Chuck Carpenter: [39:09] I mean, you manage how many.

Josh Goldberg: [39:11] Either of you?

Chuck Carpenter: [39:12] No, not my dream. But Robbie, you work on how many open-source repos?

Robbie Wagner: [39:17] I have probably, I don't know, I maintain like over 100 Ember add-ons probably. And then we have Shepherd. We don't really do anything with Tether anymore.

Chuck Carpenter: [39:29] And then we have like Shepherd wrappers and stuff like that.

Robbie Wagner: [39:31] But I don't know enough stuff that I probably could work on in a good chunk of time but no one wants to pay me to do it. Because it's free and open source.

Josh Goldberg: [39:42] So, isn't that such a situation? We do these things as open source people that are so beneficial, that have generated millions if not billions of dollars of worth, saved time, whatever you want to phrase it, and nothing. So I think the industry is slowly and perhaps with an exponentially increasing speed starting to recognize a that it's a problem b that there is stuff that can be done about it. But no. This past month as recording middle December, in November, I hit federal minimum wage for the states for my computed monthly intake. I'm very excited about that. That's a legitimate achievement for open-source people getting minimum wage.

Chuck Carpenter: [40:19] Yeah.

Josh Goldberg: [40:21] The way I did it was first I wrote a book which generates income, but within open source, specifically TypeScript ESlint gets sponsorship from companies, random individuals, all of whom are nice people and organizations. And then I also have a personal GitHub Sponsors but that's not a lot of money. My personal GitHub is maybe 300 a month. My take from TypeScript ESLint is a little over 1000 a month. It's not a lot of money. So yeah, I think systemically, it's crap. The industry does not incentivize companies to donate to open source strongly enough. Most companies don't. And if you even look at developer-focused companies, there are some really nice big names like Microsoft and Google, and Apple who do give a lot to open source. But outside of dev-focused companies, when you look at fashion, shopping, retail Target, what does Target do? I don't know. I legitimately haven't looked into them. But it's not a name in open source. You don't see them come up on ReadMes the way you do, for example, with Microsoft. So I think as an industry, we need to first have better documentation for explaining to companies why they should donate to open source. I think that's a real gap in the industry. We have a lot of activist-style stuff. You should do it. It's better for the world. All of which is true but not particularly convincing. And then I would also love to see a site that grades companies has some sort of metric on this. Like Microsoft would probably get a good grade given how much they contribute to open source eg, TypeScript, and VSCode. But then, I'm not going to name names here because I don't want to be wrong or rude, but other companies don't.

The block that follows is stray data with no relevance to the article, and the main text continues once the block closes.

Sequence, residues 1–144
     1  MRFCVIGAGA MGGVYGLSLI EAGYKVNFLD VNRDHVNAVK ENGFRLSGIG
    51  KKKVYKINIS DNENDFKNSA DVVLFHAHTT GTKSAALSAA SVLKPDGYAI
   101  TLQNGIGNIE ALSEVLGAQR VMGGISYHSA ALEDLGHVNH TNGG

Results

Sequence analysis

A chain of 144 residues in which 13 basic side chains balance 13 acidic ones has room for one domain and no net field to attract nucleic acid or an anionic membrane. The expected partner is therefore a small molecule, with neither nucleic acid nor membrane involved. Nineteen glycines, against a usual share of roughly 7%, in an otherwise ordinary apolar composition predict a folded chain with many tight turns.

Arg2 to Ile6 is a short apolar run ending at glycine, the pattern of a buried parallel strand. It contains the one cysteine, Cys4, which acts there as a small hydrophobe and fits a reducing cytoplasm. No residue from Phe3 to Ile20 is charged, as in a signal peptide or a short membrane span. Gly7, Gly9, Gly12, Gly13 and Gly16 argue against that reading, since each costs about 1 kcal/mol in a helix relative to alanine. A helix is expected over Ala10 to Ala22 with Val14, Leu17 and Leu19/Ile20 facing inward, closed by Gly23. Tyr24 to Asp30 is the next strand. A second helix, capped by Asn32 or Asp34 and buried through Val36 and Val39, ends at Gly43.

Chuck Carpenter: [41:53] Right.

Josh Goldberg: [41:53] I'm starting a project middle of December with Rizell Scarlett from GitHub on trying to make a site that starts to tackle those problems of documenting why we should do this positively, calling out companies. But it's a real problem in the industry. So to answer your question of how I get paid, I don't really. It's something I'm working on.

Robbie Wagner: [42:10] That's fair.